Believe it or don’t, I have a Canadian Olympic tale to tell…well, sort of. Way back when (and I do mean way back when), my brother participated in the Upper Peninsula Winter Olympics, held in Sault St. Marie, Michigan, a hop, skip and a jump from the Canadian border. He played, of all things, ping pong (???) but we got to watch athletes from around the U.P. participate in ski jumping (very big in my hometown area) and figure skating and even curling. So I’m a curling aficionado from way back. (Okay, not really but at least I’ve seen the sport before).

As for Canadian food, I haven’t visited Canada much in recent years but if memory serves the food is underwhelming. Let’s just say if you don’t like fish (and I don’t) you are out of luck. (I reference the book, The Shipping News, where they ate cod…and more cod…and some more cod…and potatoes.)

So fish was out and gosh darn it, I forgot to put in my order for moose (and seal—ew!) (and I am not kidding when I say there are recipes for these meats in the cookbook) and so I took the coward’s way out and went with a tuna casserole. It’s as close to an homage to fish as I’m ever going to get. And besides, what with the two-man bobsled and the speed skating going on, I didn’t want to miss a second. (And can we all just agree that watching skiers on the moguls track automatically triggers a trip to an orthopedist?!)

This dish will not have you running to the supermarket anytime soon but it was fuel on a winter (dare I say almost spring-like?) day and so there it is. I rather like peas in my tuna casserole so I opened a can and added them after the fact which did nothing at all to the dish but so be it. I wasn’t out for an Olympic (culinary) medal I just wanted to cross the finish line.

O Canada!

Tuna Noodle Casserole – serves 6 to 84 cups cooked noodles (I recommend cooking them to “firm” rather than “well-done”)
1-7 oz tin (can) tuna
1 can cream of mushroom soup, undiluted
1 tsp salt
1 tbsp onion, grated
2 tbsp pimento
½ cup milk

Combine all ingredients. Mix with a fork until blended. Place in a buttered casserole. Bake in a 350F oven for 50-60 minutes.

NOTE: To cover or not to cover, that was the question. I went with a cover for a bit and then went uncovered for the last half as I desperately wanted to avoid a dish of crunchy noodles.

Monday, February 15, 2010

"Bread and Chocolate - My Food Life In & Around San Francisco" - Chocolate Pots de Creme

Date I made this recipe: February 14, 2010

Bread and Chocolate – My Food Life In & Around San Francisco by Fran Gage
Published by: Sasquatch Books
ISBN: 1-57061-153-X

Recipe: Chocolate Pots de Crème – p. 38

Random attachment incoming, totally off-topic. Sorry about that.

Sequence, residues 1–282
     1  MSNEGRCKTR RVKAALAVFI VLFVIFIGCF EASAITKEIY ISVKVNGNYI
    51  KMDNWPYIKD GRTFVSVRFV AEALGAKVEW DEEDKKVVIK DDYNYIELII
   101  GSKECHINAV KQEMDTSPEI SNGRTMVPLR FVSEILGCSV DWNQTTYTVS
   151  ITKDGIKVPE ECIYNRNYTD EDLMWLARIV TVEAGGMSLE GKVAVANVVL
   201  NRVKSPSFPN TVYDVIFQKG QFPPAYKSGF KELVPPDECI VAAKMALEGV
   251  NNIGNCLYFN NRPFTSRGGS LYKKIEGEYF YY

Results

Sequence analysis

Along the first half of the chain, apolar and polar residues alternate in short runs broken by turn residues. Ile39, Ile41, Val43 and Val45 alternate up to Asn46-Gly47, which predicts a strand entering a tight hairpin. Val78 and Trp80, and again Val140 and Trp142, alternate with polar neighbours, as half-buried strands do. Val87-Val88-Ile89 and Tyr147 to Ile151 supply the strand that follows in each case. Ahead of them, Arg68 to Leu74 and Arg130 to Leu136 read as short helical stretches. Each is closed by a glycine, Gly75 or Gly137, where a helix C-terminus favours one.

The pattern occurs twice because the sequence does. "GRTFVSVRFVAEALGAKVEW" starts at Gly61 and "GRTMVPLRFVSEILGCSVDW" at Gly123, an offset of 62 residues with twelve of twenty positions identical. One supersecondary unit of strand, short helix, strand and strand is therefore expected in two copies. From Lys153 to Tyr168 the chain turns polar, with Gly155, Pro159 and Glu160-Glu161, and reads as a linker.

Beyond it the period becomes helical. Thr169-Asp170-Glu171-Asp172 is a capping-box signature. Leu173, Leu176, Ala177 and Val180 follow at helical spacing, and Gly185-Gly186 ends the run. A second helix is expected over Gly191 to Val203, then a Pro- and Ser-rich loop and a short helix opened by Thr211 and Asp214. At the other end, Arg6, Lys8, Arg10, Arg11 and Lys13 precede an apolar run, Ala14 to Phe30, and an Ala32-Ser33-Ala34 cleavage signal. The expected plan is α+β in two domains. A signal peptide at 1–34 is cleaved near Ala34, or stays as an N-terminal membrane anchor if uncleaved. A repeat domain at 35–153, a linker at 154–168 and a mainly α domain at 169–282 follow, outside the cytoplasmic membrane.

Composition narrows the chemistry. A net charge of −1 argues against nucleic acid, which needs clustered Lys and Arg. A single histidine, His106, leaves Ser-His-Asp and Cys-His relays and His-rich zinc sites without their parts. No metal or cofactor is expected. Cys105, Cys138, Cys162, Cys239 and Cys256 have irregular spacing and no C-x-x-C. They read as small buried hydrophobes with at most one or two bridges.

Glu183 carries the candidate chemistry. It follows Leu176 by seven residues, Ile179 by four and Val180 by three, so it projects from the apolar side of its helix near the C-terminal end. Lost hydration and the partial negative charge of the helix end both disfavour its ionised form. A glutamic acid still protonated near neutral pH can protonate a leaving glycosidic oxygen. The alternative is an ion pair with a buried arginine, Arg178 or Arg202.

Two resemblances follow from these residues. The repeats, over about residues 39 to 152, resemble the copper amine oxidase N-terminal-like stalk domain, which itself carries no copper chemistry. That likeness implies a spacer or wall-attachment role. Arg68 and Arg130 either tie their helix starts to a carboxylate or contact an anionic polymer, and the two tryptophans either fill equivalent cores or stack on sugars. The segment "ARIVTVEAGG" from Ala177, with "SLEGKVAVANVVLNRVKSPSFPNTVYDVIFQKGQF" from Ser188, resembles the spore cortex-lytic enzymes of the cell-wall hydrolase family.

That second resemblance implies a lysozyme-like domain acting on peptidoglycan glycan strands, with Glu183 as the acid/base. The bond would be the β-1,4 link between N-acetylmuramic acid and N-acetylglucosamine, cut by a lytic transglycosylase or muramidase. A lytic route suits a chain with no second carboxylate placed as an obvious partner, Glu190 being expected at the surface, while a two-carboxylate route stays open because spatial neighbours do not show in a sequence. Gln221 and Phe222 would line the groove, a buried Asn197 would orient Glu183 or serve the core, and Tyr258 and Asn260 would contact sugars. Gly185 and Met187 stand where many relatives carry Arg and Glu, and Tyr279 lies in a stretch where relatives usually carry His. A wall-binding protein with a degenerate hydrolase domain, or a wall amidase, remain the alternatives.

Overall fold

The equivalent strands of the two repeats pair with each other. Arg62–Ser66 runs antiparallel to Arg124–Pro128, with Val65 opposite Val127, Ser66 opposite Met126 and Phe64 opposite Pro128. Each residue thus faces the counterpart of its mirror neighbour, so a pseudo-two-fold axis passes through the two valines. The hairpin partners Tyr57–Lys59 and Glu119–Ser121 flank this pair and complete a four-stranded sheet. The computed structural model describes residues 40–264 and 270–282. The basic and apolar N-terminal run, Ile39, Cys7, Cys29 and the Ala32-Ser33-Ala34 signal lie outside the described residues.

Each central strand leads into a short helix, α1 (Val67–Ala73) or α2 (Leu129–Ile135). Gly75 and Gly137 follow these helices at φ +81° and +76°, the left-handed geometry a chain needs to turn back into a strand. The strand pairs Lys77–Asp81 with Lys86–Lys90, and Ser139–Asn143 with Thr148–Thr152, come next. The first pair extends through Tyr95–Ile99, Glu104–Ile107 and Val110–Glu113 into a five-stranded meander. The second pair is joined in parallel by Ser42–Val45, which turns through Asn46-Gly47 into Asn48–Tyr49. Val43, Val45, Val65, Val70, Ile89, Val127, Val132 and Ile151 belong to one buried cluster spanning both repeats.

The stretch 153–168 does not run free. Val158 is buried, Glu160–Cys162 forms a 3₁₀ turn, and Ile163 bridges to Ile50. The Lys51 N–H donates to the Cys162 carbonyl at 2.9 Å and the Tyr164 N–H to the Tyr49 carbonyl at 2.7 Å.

Yesterday was Valentine’s Day. I made a chocolate dessert. The end.

Okay, that seems a little sparse, doesn’t it? Let me rephrase: “Yesterday was Valentine’s Day. I made a chocolate dessert. While watching the Olympics. The end.”

Much better!

Because I tend to find many contradictions in life amusing, the fact that I was preparing a decadent chocolate dessert while watching the end of the Nordic Competition (ski jumping—as if!—and cross country skiing) just cracked me up. (Even worse—I ate this dessert after consuming half of a take -out turkey dinner with all the fixings from one of our favorite restaurants while watching the new season of the TV show Ruby. Ruby [Geller] is this delightful southerner who once weighed over 700 pounds and now weighs around 330. The show chronicles her quest to lose weight. Not that Ruby knows me or anything but I felt kind of guilty eating all this rich food right in front of her (so to speak)). On the other hand, dark chocolate has been proven to be good for you and so I say when it’s Valentine’s Day, some chocolate, in moderation, is appropriate.

Now in my humble opinion, the author could have skipped the “bread” and focused on the chocolate portion of her book but hey, it’s her book and her story and so if she wants to include bread, so be it. Actually, this cookbook has little to do with either food group and instead offers us quite the selection of recipes with stories to boot. And this recipe was such a hit that I’d suggest making some other delectable goodies, sweet or savory, from this book.

But for now, let’s focus on the matter at hand: Valentine’s Day calls for chocolate and this pot of chocolate is a winner. It is easy, it is delicious and it makes a lot! How can that be bad?

Chocolate Pots de Crème – serves 8
Note: the author describes this dish as a “thick, creamy custard that is very smooth” but I felt the texture was more like a mousse than a custard. And this is why you must make it and judge for yourself!